Pause again to look at that Chouinard Equipment catalog that started this thread. (Thanks once again, Steve) Happen to have an original, on paper, right handy. Really can't tell from the tiny prints of those classic shots of French Technique if YC's axe has a curved pick. And I can't find right now my copies of Climbing Ice, with better reproductions of the same photos. Certainly by the next catalog the date of introduction of the Piolet is listed as 1969. And by October of that year Yvon delivered to me on the edge of the Palisade Glacier the hickory-handled 70 cm one (and that hand-forged Alpine Hammer) that we put to good use on the V-Notch the next day.

None of this really answers the question of where first the droop. Yvon's Piolet was such a high point esthetically -- still is the most beautiful ice tool I own and use. And it was so well marketed, including adroit use of the media -- a Chouinard trademark -- like my article about the V-Notch "Truckin' my Blues Away" (which had to be in Mountain? 1970?), that the question never arose, for me, until forcefully presented that night in Sheffield.

Wish I recalled better. Certainly remember pushing through a loud, crowded Pub. Certainly he was a Climber of Standing (TM) -- I was being escorted around and introduced, after giving a slide show in a big, tiered auditorium. He was definitely poking a finger toward my chest, which sloshed his beer. He was very intent on letting me know in no uncertain terms about Scottish primogeniture of the droop. Others listening agreed. May have even said that YC had come through Scotland to take in their development.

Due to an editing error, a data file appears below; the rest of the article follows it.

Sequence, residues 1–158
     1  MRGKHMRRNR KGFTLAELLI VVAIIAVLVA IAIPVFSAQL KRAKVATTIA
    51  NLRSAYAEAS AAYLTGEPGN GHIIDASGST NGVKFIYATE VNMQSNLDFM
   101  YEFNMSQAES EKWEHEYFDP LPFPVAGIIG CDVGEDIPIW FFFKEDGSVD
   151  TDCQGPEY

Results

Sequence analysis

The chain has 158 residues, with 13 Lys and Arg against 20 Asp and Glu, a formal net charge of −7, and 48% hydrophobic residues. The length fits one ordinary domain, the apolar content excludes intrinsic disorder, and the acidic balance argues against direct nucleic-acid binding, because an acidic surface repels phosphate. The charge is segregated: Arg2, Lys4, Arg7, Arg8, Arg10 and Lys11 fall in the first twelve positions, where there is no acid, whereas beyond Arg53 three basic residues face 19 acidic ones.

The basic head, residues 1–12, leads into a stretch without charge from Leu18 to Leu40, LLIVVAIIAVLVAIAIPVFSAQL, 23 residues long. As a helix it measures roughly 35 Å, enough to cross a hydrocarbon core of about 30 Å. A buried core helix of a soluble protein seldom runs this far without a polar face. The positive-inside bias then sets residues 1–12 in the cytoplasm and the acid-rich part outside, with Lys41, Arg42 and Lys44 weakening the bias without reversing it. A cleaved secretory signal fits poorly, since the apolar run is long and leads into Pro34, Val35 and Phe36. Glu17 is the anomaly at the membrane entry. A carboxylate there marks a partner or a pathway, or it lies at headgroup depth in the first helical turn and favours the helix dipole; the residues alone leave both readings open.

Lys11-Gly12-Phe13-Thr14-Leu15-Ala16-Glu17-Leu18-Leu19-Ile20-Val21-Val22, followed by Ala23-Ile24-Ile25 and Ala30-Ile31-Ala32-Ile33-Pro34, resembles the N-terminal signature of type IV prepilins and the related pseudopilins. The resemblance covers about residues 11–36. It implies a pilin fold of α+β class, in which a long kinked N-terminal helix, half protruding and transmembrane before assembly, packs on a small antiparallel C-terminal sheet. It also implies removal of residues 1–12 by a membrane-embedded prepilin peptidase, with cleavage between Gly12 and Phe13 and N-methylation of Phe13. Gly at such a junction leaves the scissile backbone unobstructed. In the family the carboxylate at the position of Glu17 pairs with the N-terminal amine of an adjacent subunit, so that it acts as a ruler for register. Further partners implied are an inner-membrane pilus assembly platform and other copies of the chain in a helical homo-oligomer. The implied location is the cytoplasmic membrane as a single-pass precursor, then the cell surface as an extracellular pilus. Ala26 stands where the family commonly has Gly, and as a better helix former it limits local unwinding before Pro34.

Tarbuster

climber
right here, right now
Jan 2, 2009 - 01:07pm PT
"If there was a Nobel Prize hanging in the balance, or even if Oli was into ice, we could escalate to a full-scale Taco Brand(TM) conflagration. "

hahahahahahahahaha!
We could only hope for such a sh#t storm of entertainment!
Sadly I think it's just you and me on the sidelines, toasting our scotches and coffees with this one...

No doubt, and no argument, the aesthetics, execution and branding of the Piolet stands as a masterpiece of our generation.
It ought to be curated in the Cooper-Hewitt National Design Museum in New York City.


Not for sleuthing purposes but for flavor:
(Clearly, Chouinard set a new standard in ad copy aesthetics with his clean lines and innovative fonts)



(Ad Mountain Magazine number 40 November 1974)


Sometime this year there was a pretty darn good article in the New Yorker about simultaneous mass propagation, but independently, of parallel innovations.

Oh well,
Eagerly awaiting some Don Jensen tidbits.
He had a bit of the innovator in him yes?
I love the clean lines on that Rivendell Jensen pack.
Tarbuster

climber
right here, right now
Jan 2, 2009 - 01:48pm PT
Never used one of these tents designed by Jensen,
And by some accounts it was pretty tiny but very stable in high winds.
Certainly it has elegant lines from a design perspective.